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20.WHAT HAPPENED TO...

Jim WalkerWhenever the subject of an all-time Chester X1 is raised you can guarantee that Jim Walker will be one of the names figuring prominently at full back. Jim attended the goalless draw with Telford United, back in September, a team managed by his close friend and former Derby County colleague Mick Jones. After the game he took some time to have a chat about his career.

Jim was born in Northwich and started his football career as an amateur with local club Northwich Victoria, making his debut for them in the 1966/67 season. Early in 1968 he signed forms for Derby County on the understanding that if Derby were happy with him transfer talks would be opened. Under the deal Jim would have returned to Northwich to sign professional forms so that a transfer fee could be paid. Unfortunately for Vics this agreement never worked out and they only received a modest sum for a player who clearly had a bright future in the game. Jim started his first full season at Derby as a regular in the team that went on to win the Second Division championship but lost his place to John McGovern after Christmas. Over the next few years his adaptability made him a valuable utility player at the Baseball Ground and Jim made six appearances in their 1971/72 championship winning side. After 35+7 appearances for Derby Jim was transferred to Brighton in 1974 in a joint £25,000 deal that also involved Tommy Mason. It was Brian Clough’s former assistant at Derby, Peter Taylor, who signed Jim and he made 24+4 appearances as a left sided midfielder for Brighton before a £6,000 transfer to Peterborough United in February 1976. The stay at Peterborough proved brief and in November 1976 he moved to Chester. For Jim it proved a great move. As he explained he wanted a move back to Cheshire and was good friends with Alan Oakes who was Chester manager at the time. It was also a return to familiar ground as he often used to watch the club at Sealand Road during his schooldays. Jim went straight into the side at left back and was a first team regular until an achilles injury forced him into retirement in 1981 after 171+1 league appearances. Jim remained at Sealand Road and started training as a physiotherapist although he also helped out with the coaching and even had a stint working in the club shop one summer when it was based in the city centre.

Jim in actionIn 1983 Jim went to Kuwait, with the former Derby County manager Dave Mackay, and acted as coach for Al Arabi. After two years in the Middle East he returned to Britain and was appointed physio at Blackburn Rovers. In 1986 Jim became the physio at Aston Villa and he has now been associated with the club for 17 years. He is currently the Head of Sports Science at Villa Park and is studying for a Masters degree at Leicester. He lives in Sutton Coldfield.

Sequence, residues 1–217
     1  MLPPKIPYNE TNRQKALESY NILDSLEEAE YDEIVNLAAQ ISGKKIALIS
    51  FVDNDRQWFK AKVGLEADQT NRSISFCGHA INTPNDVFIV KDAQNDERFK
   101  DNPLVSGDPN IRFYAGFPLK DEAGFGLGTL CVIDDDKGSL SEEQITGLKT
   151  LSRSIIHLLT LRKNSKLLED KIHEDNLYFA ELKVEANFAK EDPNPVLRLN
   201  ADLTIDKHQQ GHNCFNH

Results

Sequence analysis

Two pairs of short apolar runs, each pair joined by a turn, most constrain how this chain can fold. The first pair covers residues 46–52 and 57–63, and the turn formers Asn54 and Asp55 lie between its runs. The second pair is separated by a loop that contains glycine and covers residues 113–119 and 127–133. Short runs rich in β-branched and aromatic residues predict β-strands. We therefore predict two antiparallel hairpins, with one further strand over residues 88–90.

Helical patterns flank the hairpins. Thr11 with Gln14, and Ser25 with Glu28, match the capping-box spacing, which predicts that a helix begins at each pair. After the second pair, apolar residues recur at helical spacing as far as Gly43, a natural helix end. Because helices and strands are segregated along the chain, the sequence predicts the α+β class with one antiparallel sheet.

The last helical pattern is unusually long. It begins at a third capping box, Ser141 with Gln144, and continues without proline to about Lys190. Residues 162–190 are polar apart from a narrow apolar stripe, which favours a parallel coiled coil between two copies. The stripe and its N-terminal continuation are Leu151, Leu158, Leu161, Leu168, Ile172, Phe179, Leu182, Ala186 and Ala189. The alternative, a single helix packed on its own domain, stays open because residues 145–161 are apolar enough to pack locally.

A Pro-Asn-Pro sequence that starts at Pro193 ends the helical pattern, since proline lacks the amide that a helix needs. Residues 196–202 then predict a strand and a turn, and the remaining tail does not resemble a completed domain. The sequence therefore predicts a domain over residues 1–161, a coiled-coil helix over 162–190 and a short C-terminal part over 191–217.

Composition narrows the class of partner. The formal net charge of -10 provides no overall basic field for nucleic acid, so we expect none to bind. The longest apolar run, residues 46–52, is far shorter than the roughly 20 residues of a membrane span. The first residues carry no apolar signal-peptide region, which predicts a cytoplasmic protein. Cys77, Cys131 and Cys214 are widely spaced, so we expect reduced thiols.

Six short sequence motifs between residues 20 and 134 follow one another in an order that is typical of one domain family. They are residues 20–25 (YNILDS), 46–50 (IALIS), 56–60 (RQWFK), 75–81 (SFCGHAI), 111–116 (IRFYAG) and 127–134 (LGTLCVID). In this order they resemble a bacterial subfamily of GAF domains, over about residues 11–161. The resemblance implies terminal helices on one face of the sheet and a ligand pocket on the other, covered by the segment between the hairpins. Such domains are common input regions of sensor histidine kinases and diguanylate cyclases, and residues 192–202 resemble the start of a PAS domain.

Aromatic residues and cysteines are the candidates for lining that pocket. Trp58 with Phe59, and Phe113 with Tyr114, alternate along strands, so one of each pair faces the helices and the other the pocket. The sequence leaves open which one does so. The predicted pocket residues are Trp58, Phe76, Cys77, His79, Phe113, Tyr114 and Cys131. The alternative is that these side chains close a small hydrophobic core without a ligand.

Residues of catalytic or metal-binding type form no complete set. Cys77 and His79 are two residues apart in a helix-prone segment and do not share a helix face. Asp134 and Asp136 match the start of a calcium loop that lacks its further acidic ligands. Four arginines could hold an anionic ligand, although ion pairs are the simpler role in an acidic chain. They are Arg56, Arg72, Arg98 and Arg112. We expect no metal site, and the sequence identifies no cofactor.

Looking back on his time at Chester he believes that the team at the end of the 1970s was a really good side. “There were two top class goalkeepers, Brian Lloyd and Grenville Millington, and we had defenders of the calibre of Trevor Storton, Bob Delgado and Nigel Edwards with Ian Edwards and Ian Mellor playing up front”. Jim was also in the side when Ian Rush made his breakthrough and recalls that everyone at the club could see he was going to become a star. “In training he used to keep the ball and no-one could get it off him. Whenever we played you could always rely on Rushy getting a goal.” It was during Jim’s era that Chester finished in their highest ever league position, 5th in the old Division Three in 1977/78, and they also reached the FA Cup 5th Round on two occasions. In 1977 Jim felt they were extremely unlucky to lose to Wolves in the 5th Round and in 1979/80 they faced Ipswich Town at the same stage. Jim remembers that they were given little chance against a team who had just beaten Everton and Manchester United. However Brynley Jones gave Chester an early lead before Ipswich scraped through 2-1. Those fans with long memories may remember a brilliant goal scored by Jim against Chesterfield at Sealand Road – certainly one of the best I have seen. Jim himself remembers that Chesterfield were going extremely well at the top of the table and needed a win to secure promotion. From a corner, at the Sealand Road end, Chesterfield forward Ernie Moss cleared the ball and Jim hit a screamer, first time on the half volley, from 30 yards. As he admitted when he had tried this on other occasions the ball had usually ended up in Kwiksave car park.

One of the funniest incidents Jim remembers from his Chester days concerns his son who used to play around the stand and on the Kop with Alan Oakes’ son Michael (the current Wolves keeper) on match days. It was a game against Bristol Rovers and Jim had retired from playing and was making one of his first appearances on the pitch as a physio. He ran over to the pitch, close to the touchline on the Popular Side, to treat an injured player. While he was tending to the injury he was shocked to find his son suddenly materialise by his side asking “What’s wrong with him dad. My mates want to know?”
Chas Sumner [Published 15/11/03]

 

 

 

 

 

 

 

 

 

 

 

 

 

 

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